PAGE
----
Though the symptoms are different in large and small boards, the results are the same: improper board size leads to board member disengagement. It has been said in several places that boards are the most underutilized resource of an organization, either because board members are not consulted meaningfully or because board members’ time and talents are wasted on secondary tasks and pursuits.
In 2000, the National Center for Nonprofit Boards (NCNB), now known as BoardSource, estimated that the average 501(c)(3) (charitable nonprofit) board of directors had 17 members. By 2007, BoardSource reduced the estimate to 16 members. Given that there are approximately 1,300,000 501(c)(3) organizations in the US in 2017, this means that there are more than 20 million board positions available. It should be noted that this estimate does not include about 350,000 religious congregations, which are not required to apply for tax-exempt recognition from the IRS.
Two things may be inferred from these data: 1) that average board size is slowly decreasing; and 2) the average size is still higher than most experts recommend.
Briefly - The History and Future of Board Size
Historically, nonprofit boards were designed to gather together as much stakeholder support as possible into the governing body. Much effort was devoted to assuring that all constituencies were represented. Some board structures assured equitable geographic representation. Most, if not all, nonprofits sought to have major donors (and those with access to major donors) join their boards. This resulted in relatively large board sizes. In some cases, constituency-based representation results in extremely large boards of 50 or more. This is found when an organization’s chapters, subgroups, or external stakeholders elect or appoint one or more board members in addition to those members recruited by the board itself. Some organizations expanded their boards as additional major donors commit to supporting the nonprofit organization.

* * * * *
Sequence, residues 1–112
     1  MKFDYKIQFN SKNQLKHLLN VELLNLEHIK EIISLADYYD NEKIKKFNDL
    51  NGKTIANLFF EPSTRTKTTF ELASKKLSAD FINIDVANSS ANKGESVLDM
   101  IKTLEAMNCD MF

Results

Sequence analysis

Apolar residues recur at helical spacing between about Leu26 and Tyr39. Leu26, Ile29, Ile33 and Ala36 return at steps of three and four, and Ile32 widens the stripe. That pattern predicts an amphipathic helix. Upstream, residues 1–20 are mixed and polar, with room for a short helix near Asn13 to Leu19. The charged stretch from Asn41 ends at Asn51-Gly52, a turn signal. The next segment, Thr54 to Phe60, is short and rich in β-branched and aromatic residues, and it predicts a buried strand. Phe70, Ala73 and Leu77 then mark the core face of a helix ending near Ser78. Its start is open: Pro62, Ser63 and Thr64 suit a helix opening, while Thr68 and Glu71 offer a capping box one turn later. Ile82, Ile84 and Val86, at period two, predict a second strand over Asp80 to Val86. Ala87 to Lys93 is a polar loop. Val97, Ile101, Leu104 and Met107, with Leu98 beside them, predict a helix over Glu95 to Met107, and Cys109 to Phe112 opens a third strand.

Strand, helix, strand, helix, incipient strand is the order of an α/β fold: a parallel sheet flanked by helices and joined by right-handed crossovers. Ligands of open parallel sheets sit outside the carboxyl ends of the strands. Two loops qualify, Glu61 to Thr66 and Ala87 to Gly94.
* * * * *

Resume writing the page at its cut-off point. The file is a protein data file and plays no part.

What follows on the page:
This constituency-based and financially-based board structure slowly gave way in recent decades to a model based on identifying board members based on skills, talents, and competencies necessary for balanced representation. There are many books with matrices outlining socioeconomic, professional, personal, geographic, ethnic/racial, age, gender, and other characteristics deemed important to proper board and organizational function. Acquiring and maintaining the right "mix" of board members is a challenging job for executives and boards.
The 21st century has brought with it a new scrutiny and heightened expectations of boards of directors. Rather than being "big names," "deep pockets," "the right people," or signifying comprehensive community participation, boards are now expected to perform governance in accordance with law and regulation. In short, board membership has become serious business.